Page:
16th February, 2022


The Ceylon Mercantile Industrial and General Workers’ Union(CMU) and the United Federation of Labour (UFL) representing over 10,000 workers in Sri Lanka write this letter to  share our deep concerns regarding the recent Memorandum of Understanding (MOU) signed between Sri Lankan employer association Joint Apparel Association Forum (JAAF) and three trade unions.

MOUs such as the above, despite having little ability to override existing labour laws could have still been an opening for industry wide consensus between Employers in the Garment Sector and Trade Unions. However the CMU and the UFL refrained from signing this MOU with JAAF both on the grounds of process and content. The MOU was completed through an exclusionary and biased process that has negative consequences for trade union movement building, especially under women’s leadership, in an industrial sector that primarily employs women workers. It was inexplicably rushed in a way that compromised trade union unity and gave the appearance of helping a major JAAF member – Brandix Lanka – to save face when it was being investigated for labour violations by a potential donor, the International Finance Corporation (IFC). Due to the exceedingly flawed process, the content fails to adhere to the framework laid down by trade unions, to form the basis for the MOU.

In the below paragraphs, we explain how process was violated by the signatory trade unions as a result of which the content too stands compromised.

KeyProblems in Negotiation Process:

1)     Abandoning the Framework/ Principles as decided by Trade Unions: During the initial phase of the discussions, a “Principles” document was shared and agreed upon by unions outlining the principles for negotiating this MOU. However crucial elements were quickly abandoned by the signatory unions in an inexplicable hurry to sign something with JAAF. These elements include:

○       Brands, should be parties in the negotiations. This is very important in the context of brands’ role as drivers of garment global supply chains.Yet, brands played no role in negotiations.

○       The MOU should address the challenges of the pandemic. Since wage theft was the most important challenge during the pandemic, the MOU’s total silence on wages violates this element.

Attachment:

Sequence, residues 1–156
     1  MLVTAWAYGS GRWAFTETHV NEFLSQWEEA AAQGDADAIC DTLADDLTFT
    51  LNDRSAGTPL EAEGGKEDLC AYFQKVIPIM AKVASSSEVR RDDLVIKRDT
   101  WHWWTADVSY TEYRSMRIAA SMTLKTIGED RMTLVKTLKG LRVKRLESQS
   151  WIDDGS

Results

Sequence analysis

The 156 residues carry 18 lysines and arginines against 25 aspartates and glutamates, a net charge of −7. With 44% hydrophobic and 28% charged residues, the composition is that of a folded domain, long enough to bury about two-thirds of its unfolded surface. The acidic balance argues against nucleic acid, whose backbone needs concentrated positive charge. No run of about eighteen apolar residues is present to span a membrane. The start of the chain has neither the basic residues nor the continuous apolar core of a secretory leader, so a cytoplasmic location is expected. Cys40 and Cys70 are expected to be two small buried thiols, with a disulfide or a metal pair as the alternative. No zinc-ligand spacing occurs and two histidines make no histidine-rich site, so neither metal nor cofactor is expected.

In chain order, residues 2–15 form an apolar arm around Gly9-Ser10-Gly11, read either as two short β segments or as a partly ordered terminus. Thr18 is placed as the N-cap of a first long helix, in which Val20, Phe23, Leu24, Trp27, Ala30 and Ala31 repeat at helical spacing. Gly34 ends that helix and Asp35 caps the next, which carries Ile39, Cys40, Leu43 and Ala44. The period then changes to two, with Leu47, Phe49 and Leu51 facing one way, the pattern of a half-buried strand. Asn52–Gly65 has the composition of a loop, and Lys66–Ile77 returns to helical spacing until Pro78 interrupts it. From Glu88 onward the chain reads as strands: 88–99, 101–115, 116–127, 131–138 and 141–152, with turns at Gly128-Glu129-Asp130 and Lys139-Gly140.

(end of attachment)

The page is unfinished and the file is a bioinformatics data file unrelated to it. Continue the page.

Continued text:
○       It acknowledged that the process for arriving at the MOU “will not be easy or quick,”and that the parties, including trade unions, must remain firm and sincere to their commitment to bring historic change in the Sri Lankan garment industry. Yet the signatories inexplicably rushed to sign an MOU to which other unions had raised serious objections.

2)     Disregard for inputs from undersigned unions: In the initial period of negotiation the UFL, which were part of the formal negotiations, gave extensive written and oral inputs to the draft documents. These suggestions were seconded by the CMU. However, the signatory unions summarily disregarded this feedback.

3)     Disregard for women-led unions: Since women-led unions were not part of the formal negotiating committee, the UFL requested that such unions be included. One of the women-led trade unions, TGCWU, wrote formally requesting for inclusion. Both requests were denied by the signatory unions.

4)     Lack of transparency in negotiations: Once the UFL raised above issues which was endorsed by the CMU the signatory unions continued negotiations with JAAF without holding transparent meetings that included other unions.

Key Problems in MOU Content:

1)     While the MOU recognizes Freedom of Association (FOA), which is already a right recognized by the Sri Lankan Constitution, its weak formulation gives cover to employers.

JAAF and its members use the mechanism of Employee Council – which is strongly criticized by trade unions – as a fig leaf to show they allow Freedom of Association.Dissenting trade unions in this negotiation process pressed for more specific language, under the FOA clause, to deny employers this familiar fig leaf. This input was disregarded and leaves open the interpretation of FOA under employers’ terms.

2)     As per the MOU, the bipartite health committees are to be formed under the guidelines for Employee Councils given by the Board of Investment (BOI); and if there is an “established” trade union in the factory that trade union can nominate its members.